Chief among my concerns is the workload of Martin Brodeur. While the Olympics were at least a temporary salve and gave him enough rest for the stretch drive, as I said in my prior blog I'm not sure it'll really matter come April assuming he plays his usual 75+ games. Currently, backup Yann Danis has more relief appearances (five) than starts (four), despite a 1.85 GAA and .932 save percentage. Will Brodeur's uneven performance the last two months including the Olympics convince Lou Lamoriello and Jacques Lemaire once and for all they have to manage their biggest asset? Probably not, but maybe the embarrassment he endured during the Olympics of being benched and watching Roberto Luongo lead Canada to a gold fuels him for hopefully the team's longest playoff run since 2003 - which would only require going six games in the second round, unfortunately.
Defensively Martin's seemingly never-ending injury remains a concern but the Olympic break should at least prove beneficial for Colin White, Bryce Salvador and especially Andy Greene, who's already played much more during the first 3/4ths of the season than he ever has in two entire seasons with the team, as well as Mark Fraser who'd been playing everyday rather unexpectedly. Hopefully Anssi Salmela also looks like the player he was in his first couple of games after coming over from the Thrashers than he was during a final, hurried return against the Hurricanes in the last game before the break. At least he doesn't have to adapt to the system like most of our deadline acquisitions since he came up through Lowell after all and played for the team last year.
Up front, Jamie Langenbrunner and Zach Parise showed off their chemistry to the world and shouldn't miss a beat once reunited with Travis Zajac, sporting a fresh tan from Costa Rica. How quickly the second line jells - assuming Patrik Elias, Ilya Kovalchuk and Dainius Zubrus remain together for more than five minutes - will tell the story on how fast the Devils' offense can pick it up. At least they did pick it up in spurts once we traded for Kovalchuk, from 21 goals in 13 games just before the trade to sixteen goals in six games after it. Not exactly great, but an improvement. And adding David Clarkson to the lineup also adds more depth to the top three lines and some grit to a power play that looked as dark in the last twenty games as the Prudential Center during that infamous January game against Tampa Bay, going from a top five power play at 21.9% efficiency during the first half of the season to an ungodly 8.9% that ranked last in the league during the most recent stretch, even with Kovalchuk.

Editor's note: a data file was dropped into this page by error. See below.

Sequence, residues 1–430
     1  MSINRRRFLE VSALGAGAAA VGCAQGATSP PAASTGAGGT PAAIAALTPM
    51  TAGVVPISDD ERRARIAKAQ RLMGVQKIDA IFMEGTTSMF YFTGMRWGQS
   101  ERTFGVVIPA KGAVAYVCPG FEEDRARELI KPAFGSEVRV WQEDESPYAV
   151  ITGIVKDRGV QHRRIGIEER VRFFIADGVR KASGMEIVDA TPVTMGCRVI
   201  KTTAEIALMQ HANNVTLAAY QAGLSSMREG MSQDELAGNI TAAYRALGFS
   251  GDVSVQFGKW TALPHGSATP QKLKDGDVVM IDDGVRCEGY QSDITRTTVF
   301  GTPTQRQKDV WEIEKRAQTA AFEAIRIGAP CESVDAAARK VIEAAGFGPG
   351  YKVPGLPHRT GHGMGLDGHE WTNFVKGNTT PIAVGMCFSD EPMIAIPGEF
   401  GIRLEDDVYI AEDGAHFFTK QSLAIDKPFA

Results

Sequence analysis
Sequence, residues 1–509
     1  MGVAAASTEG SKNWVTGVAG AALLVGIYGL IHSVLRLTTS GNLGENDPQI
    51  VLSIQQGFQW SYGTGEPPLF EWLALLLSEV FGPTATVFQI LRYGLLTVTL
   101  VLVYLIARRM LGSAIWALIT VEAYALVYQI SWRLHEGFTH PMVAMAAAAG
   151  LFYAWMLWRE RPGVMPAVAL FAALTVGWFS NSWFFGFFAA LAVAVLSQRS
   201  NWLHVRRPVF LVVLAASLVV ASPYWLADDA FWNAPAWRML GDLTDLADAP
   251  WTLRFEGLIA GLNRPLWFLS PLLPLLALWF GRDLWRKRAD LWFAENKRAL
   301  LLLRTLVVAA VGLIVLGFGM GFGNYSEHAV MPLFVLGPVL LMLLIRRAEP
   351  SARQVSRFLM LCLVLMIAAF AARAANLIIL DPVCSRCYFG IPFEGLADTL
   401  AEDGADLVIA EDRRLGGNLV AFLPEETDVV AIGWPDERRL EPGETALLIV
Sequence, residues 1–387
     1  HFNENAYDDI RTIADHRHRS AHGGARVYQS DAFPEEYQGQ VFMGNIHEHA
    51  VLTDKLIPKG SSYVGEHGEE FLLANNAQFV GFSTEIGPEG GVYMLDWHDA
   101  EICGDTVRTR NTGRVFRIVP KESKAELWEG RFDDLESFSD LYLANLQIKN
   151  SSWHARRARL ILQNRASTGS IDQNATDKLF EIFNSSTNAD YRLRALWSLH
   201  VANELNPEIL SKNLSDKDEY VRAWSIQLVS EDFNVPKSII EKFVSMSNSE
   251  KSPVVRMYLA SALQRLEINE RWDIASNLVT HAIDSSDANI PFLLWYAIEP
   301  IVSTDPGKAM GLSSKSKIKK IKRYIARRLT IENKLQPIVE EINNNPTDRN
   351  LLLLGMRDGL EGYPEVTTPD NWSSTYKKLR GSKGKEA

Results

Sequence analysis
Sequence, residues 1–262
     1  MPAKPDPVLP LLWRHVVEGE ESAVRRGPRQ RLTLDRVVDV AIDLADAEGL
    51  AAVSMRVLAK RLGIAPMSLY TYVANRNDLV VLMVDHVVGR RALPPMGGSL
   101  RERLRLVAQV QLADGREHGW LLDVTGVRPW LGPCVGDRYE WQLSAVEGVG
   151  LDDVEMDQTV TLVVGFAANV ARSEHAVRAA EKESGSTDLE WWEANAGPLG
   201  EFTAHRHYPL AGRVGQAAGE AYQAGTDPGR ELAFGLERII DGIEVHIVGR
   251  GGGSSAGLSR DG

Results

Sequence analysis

Coaching-wise, my two big concerns with Jacques Lemaire before the Kovalchuk trade were Brodeur's workload and the team's reliance on a checking line. One of the happy byproducts of adding Kovalchuk has been the virtual ending of the checking line concept. While third-line center Rob Niedermayer still gets minutes, Jay Pandolfo hasn't as much and the top two lines now get the majority of the minutes. Hopefully the third line, now that reinforcements have arrived, becomes viable enough to at least ensure we don't run the top six forwards into the ground a la John Tortorella in Tampa Bay with Vinny Lecavalier, Brad Richards and Martin St. Louis. Still, you pretty much have to hope for a healthy lineup to ensure we don't go back to the old, slow checking line come April once again. And the power play should be a concern but it isn't for me, both given Kovalchuk now having more time to acclimate and the fact Lemaire's usually been good at coaching special teams with average overall offensive talent in Minnesota.
As far as Lou, well if he does nothing else before the trade deadline you can't accuse him of not trying to go for it this year after the shock blockbuster in getting both Kovalchuk and Salmela from Atlanta. While I would like to see them get another defenseman who can fit in the system and/or another centerman who can actually win some faceoffs and not be a total zero offensively, it is possible the team returns to its first-half form regardless and is only enhanced by Kovalchuk's presence and the return of almost everyone to the lineup. Plus I'm not sure it's likely Lou will want to dig into the farm system too much more after giving up three players and a first-rounder to Atlanta, unless he's starting to think his own time to win is running out.